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In 2017, you’re only worth how many likes you get on your Instagram posts.
That’s at least how it feels most of the time. And one guy isn’t ashamed to show his desire for the internet’s acceptance and appreciation—or at least he’s masking his neediness with an incredibly petty “like”-tracking system.
“I have noticed that although I have 300 followers, I am not receiving 300 likes on my photos,” Instagram user @SahibCantSingh wrote in October. “I’m not sure if this is being done intentionally or if these ‘friends’ are forgetting to click ‘like’. Either way, I’ve had enough.”
The self-proclaimed “aspiring cyber bully”—seriously, check his bio—said he compiled a spreadsheet of every follower he has who have “forgotten” to like his recent posts.
“After 2 consecutive strikes your name is automatically highlighted (shown in red) and I am immediately notified,” he said. “3 consecutive strikes and you can expect an in-person ‘consultation.’ Think about your actions.”
I have noticed that although I have 300 followers, I am not receiving 300 likes on my photos. I'm not sure if this is being done intentionally or if these "friends" are forgetting to click 'like'. Either way, I've had enough. I have compiled a spreadsheet of individuals who have "forgotten" to like my most recent posts. After 2 consecutive strikes your name is automatically highlighted (shown in red) and I am immediately notified. 3 consecutive strikes and you can expect an in-person "consultation”. Think about your actions.
A post shared by SahibCantSingh (@sahibcantsingh) on
Poor guy probably didn’t get the memo back in 2016 that Instagram implemented an algorithm, so his followers probably don’t even see his posts. The social media platform said previously that users miss on average 70 percent of the content on their feeds.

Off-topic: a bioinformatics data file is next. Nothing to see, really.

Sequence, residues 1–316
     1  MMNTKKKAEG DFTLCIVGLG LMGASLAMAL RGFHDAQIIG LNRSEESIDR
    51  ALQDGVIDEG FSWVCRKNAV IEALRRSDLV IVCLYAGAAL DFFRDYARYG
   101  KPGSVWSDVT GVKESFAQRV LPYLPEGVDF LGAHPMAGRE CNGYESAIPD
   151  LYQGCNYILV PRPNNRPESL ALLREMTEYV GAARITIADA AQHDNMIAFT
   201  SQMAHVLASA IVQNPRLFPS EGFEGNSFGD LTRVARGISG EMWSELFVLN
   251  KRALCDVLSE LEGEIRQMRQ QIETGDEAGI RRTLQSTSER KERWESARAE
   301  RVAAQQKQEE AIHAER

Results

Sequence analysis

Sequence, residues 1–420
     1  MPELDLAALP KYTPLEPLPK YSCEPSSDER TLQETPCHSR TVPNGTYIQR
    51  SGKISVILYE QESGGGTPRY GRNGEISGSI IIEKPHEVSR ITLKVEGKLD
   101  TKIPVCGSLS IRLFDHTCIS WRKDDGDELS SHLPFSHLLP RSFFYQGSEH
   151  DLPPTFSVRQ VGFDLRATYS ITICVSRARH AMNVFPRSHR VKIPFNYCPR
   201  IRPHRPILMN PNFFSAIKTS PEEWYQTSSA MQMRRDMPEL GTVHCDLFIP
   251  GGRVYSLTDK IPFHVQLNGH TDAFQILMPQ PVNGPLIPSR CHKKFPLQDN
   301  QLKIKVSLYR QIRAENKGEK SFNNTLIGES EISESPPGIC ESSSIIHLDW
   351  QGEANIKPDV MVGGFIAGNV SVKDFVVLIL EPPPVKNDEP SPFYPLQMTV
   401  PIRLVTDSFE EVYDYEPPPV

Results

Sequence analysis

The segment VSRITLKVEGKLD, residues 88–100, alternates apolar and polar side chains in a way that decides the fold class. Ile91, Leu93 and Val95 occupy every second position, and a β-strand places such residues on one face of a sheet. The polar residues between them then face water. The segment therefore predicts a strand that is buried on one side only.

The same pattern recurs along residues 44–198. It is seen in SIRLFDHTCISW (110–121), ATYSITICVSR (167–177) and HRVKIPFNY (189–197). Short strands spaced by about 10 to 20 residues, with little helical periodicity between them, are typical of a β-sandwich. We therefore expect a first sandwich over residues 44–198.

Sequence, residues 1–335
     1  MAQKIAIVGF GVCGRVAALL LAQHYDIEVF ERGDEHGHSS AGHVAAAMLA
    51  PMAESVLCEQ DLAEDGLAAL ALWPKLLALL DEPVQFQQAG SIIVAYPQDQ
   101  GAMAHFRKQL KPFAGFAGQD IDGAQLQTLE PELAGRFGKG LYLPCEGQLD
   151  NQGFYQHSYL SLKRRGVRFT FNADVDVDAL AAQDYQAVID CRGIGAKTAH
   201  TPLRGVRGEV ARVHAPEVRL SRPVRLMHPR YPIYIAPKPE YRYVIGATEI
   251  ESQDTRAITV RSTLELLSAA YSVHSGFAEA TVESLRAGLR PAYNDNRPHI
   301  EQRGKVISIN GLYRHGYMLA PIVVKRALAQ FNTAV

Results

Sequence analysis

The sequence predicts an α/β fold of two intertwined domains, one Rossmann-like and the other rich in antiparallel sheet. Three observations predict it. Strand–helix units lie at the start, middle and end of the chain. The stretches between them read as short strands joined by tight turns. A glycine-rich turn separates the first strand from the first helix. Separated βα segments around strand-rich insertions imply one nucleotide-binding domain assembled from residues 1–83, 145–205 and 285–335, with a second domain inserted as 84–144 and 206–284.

Obviously, the internet thought the whole thing was pretty funny.
I aspire to be this petty about social media pic.twitter.com/4zM8Izx9hL— Gene Park (@GenePark) November 30, 2017
This could single handedly land him a good job if it didn't make him look like a massive ass to work with— Luke Jacob (@brightqwerty12) December 1, 2017
Damn, I didn't know the spreadsheet shaming tactic was an option! This guy is like the DaVinci of social network maintenance.— Elvis Dracula (@RolandDodds) December 1, 2017
A couple users also pointed out that Singh is a comedian, so this post was possibly just a joke.
Either way, he now has 48,000 followers, so it’s probably harder for him to keep up with his spreadsheet now.
Tess Cagle is a reporter who focuses on politics, lifestyle, and streaming entertainment. Her work has appeared in the New York Times, Texas Monthly, the Austin American-Statesman, Damn Joan, and Community Impact Newspaper. She’s also a portrait, events, and live music photographer in Central Texas.